KALISPELL, Mont. -

College students in the Flathead Valley can soon be a student at the University of Montana without physically being there.

The Flathead Valley Community College has partnered with the University of Montana so students can earn a Bachelor of Arts degree in elementary education, and they can do it without ever leaving the Flathead.

It's just like transferring from a community college to a four-year university, but this time students don’t actually have to go anywhere -- the University of Montana is coming to them.

“Education is so important,” said FVCC student Jesse Diamond.

Diamond plans to transfer after this year. However, it’s welcome news to others who are staying at the college, that they can earn a Bachelor's degree.

“The more we invest in it, and the more that it’s available to everyone, job opportunities are more available,” Diamond said.

Last year, the college asked students what Bachelor's degrees they were interested in pursuing. Elementary education was at the top.

NBC Montana spoke to the president of the FVCC who said people really wanted the program.

"I’ve heard for a number of years from community members, questioning when are we going to have more partnerships on campus with the Montana University system,” said FVCC President Jane Karas.

Karas says the partnership is about meeting those needs

"We know that many people, because of family or work or other circumstances, can’t move to continue their education and get that four-year degree. So, partnering with the university system is really providing more opportunities at a very affordable cost,” Karas said.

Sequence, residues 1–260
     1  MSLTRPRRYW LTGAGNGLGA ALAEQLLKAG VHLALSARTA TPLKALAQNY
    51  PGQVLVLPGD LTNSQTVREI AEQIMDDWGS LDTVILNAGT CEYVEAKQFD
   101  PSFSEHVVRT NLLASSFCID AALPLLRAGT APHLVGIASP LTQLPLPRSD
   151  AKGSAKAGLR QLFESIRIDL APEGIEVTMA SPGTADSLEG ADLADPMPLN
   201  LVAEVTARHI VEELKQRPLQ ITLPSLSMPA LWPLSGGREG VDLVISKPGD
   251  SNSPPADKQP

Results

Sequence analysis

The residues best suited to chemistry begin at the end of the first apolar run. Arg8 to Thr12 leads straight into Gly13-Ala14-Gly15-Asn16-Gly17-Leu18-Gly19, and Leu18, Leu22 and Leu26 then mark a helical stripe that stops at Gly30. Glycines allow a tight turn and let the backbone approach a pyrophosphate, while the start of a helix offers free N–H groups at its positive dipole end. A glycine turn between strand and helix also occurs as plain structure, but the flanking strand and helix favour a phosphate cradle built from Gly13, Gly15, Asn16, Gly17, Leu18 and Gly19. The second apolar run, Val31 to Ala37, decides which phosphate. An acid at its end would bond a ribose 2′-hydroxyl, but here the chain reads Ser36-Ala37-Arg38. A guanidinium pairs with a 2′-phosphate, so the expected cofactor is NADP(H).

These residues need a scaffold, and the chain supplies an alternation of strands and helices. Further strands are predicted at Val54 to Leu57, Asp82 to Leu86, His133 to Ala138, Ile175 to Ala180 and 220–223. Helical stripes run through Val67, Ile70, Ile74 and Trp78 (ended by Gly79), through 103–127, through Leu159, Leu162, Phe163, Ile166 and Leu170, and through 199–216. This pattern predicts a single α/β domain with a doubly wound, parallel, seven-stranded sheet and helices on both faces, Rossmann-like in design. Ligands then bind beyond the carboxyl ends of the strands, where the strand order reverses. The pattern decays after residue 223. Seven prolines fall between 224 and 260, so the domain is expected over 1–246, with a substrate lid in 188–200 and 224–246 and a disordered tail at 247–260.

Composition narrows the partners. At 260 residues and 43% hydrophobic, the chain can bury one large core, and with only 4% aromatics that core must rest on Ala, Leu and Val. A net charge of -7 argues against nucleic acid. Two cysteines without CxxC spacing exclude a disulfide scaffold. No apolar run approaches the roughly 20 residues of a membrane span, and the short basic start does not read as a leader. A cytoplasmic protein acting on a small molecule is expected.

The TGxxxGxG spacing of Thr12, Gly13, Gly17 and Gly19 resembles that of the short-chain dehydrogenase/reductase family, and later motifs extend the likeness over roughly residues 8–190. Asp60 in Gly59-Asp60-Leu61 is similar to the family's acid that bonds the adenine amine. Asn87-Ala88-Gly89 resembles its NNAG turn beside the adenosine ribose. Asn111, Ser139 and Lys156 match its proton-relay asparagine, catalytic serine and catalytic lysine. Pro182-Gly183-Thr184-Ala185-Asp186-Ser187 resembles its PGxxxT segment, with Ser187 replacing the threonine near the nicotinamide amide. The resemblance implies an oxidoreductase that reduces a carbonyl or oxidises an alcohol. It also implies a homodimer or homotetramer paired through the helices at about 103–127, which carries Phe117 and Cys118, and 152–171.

"It’s really important. If I were here and I had limited options and I had kids, it'd definitely be something that I’d be interested in and it’s a really great opportunity for the Flathead,” Diamond said.

Students pursuing a degree in elementary education will be FVCC students for the first two years. Then, just like transferring to another university, those students will apply to the University of Montana. If accepted, they will be considered U of M students. They will pay the university's tuition fees and will take courses taught by U of M professors -- all without leaving the FVCC campus.

Diamond feels this opportunity is not only great for students but great for the college's image.

"I think it just legitimizes community college. Community college has this stigma of being your last option, but I think that really it’s showing that it’s a resource for the community," said Diamond.

The deadline to apply for the program is on August 7 at 5 p.m. There are academic advisors available to help with the application process.